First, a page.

Originally Posted by ThornWithin81
The problem is that EA's new system doesn't recognize a situation where, say, two brothers in the same household want to share one copy of a game they both play infrequently. One brother has to pay 10 dollars to go online. Not to mention that EA's system of "unlock codes" has been buggy in my experience. I had an unlock code when I bought Bad Company 2 new that somehow reset itself (removing content from my player profile)... and the code they gave me stayed "used".
What happens when I buy an EA Title at launch, play it for a week... have my code glitch out, and then the game asks me to pay 10 dollars to get online again? Hell, what happens to rental services now? If you want to rent an EA title to play online for a week you have to pay for the rental AND the 10 dollars to get online, even if you send it back within a few days?
This is rubbish. I generally don't jump on board the EA-hate wagon but I'm going to have to refrain from buying any new EA titles moving forward. Games are already too expensive as is. These companies make MASSIVE amounts of money selling a disc, some plastic and some paper for 60 dollars as is.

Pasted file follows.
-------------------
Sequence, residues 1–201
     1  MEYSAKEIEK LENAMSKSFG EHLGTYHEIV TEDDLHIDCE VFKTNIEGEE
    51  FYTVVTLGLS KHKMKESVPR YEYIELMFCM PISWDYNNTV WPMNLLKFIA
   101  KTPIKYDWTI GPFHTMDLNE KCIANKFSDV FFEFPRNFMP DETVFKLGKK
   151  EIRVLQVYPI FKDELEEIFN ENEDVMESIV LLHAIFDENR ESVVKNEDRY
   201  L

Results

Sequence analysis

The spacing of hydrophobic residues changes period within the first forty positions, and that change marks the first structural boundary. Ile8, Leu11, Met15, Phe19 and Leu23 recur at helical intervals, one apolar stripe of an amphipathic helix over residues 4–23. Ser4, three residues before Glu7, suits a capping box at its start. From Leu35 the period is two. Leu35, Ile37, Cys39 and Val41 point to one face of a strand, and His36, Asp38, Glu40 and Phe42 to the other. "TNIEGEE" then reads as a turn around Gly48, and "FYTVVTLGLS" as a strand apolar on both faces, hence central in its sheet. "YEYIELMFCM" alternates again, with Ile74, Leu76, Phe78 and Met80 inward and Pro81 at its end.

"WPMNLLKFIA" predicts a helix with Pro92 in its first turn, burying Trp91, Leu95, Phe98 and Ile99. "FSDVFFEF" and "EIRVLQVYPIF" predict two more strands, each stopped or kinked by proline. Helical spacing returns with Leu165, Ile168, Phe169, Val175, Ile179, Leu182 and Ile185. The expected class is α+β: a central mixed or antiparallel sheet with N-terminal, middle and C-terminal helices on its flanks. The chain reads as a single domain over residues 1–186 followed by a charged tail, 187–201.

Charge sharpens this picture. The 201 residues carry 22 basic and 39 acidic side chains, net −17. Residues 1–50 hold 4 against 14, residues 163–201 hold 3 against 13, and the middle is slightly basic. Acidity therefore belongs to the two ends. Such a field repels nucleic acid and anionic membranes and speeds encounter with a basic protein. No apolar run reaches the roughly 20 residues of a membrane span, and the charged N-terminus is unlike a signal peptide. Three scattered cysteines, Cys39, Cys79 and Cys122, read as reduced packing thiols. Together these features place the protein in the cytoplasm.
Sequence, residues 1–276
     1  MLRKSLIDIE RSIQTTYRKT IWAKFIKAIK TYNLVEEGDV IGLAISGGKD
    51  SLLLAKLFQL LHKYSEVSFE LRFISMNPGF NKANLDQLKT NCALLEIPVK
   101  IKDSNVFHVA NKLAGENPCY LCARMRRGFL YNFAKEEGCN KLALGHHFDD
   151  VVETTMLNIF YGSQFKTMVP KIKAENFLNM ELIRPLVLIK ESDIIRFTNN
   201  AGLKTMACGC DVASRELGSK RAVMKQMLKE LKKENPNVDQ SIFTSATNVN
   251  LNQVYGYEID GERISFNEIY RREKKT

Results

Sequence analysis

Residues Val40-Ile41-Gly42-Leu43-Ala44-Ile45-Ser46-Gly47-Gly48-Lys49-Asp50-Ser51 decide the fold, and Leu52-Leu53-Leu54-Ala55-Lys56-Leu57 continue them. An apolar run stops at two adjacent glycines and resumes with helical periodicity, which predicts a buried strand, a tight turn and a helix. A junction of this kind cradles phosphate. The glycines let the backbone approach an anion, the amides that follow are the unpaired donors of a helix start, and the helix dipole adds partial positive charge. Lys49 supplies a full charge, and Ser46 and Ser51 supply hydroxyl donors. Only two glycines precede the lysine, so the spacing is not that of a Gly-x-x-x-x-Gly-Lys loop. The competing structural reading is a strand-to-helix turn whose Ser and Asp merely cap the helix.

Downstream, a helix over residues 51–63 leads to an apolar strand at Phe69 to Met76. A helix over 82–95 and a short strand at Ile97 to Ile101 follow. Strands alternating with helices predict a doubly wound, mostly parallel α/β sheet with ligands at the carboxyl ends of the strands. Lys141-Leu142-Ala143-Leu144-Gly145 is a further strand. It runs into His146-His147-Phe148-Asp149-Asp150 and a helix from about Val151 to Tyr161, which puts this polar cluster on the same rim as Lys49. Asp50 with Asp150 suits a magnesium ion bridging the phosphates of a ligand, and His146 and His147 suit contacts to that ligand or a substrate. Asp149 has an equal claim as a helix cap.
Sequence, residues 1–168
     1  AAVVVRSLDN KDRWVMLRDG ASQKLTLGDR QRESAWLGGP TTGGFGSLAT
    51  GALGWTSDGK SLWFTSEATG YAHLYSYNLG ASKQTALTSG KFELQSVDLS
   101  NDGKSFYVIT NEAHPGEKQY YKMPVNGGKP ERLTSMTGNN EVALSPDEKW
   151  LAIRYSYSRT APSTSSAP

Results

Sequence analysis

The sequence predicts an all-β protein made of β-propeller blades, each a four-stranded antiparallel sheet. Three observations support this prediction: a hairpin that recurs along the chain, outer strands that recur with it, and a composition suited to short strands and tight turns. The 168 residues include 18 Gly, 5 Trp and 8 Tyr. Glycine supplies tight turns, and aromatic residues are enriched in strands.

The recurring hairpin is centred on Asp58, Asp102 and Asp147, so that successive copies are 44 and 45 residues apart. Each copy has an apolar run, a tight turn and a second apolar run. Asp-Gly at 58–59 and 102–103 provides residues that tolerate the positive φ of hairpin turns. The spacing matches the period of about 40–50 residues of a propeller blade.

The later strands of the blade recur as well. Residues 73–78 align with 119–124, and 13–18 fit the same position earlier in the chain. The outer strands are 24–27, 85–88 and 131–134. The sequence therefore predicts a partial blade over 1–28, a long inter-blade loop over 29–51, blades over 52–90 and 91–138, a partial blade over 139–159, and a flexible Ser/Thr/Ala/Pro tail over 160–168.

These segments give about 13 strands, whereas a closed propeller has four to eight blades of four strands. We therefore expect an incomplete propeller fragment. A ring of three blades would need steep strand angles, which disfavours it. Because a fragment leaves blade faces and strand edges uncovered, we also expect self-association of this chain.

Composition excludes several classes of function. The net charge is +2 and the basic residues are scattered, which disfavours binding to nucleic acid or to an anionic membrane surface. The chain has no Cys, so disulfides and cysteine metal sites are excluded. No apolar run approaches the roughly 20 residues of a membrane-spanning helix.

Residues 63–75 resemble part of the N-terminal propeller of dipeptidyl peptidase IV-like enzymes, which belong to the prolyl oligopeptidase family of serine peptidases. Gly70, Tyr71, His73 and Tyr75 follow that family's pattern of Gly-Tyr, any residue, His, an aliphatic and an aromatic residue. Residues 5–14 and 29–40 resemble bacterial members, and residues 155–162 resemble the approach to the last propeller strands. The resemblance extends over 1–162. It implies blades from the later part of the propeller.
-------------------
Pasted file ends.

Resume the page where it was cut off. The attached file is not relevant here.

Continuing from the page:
Give me a break.
If you look at the EA website (http://www.easports.com/onlinepass
), it states:
Do I need to purchase an Online Pass when I rent a game?
Each Xbox LIVE gamertag or Sony PSN ID is entitled to a free 7 day trial per title. Beyond that, users will be required to redeem or purchase Online Pass access.
So they're at least cutting you some slack for people who want to rent the game and give it a try before they buy.
The access for each individual game is also tied to the gamertag or PSN ID, which means that you can re-download if you have some sort of problem. If there's a problem on EA's end, I don't know what the solution is.
The situation with "two brothers who share a game" sucks -- since it looks like they tie the online access to the individual gamertag. I think it'd be far better if they did it to the system, but I guess that's probably not possible. But, as far as I'm concerned, that isn't much of an issue since I don't share my Xbox with anyone else.
I can't fault EA for trying to keep their profits in-house. I expect this type of practice will become the norm for future Call of Duty / Halo type releases as well.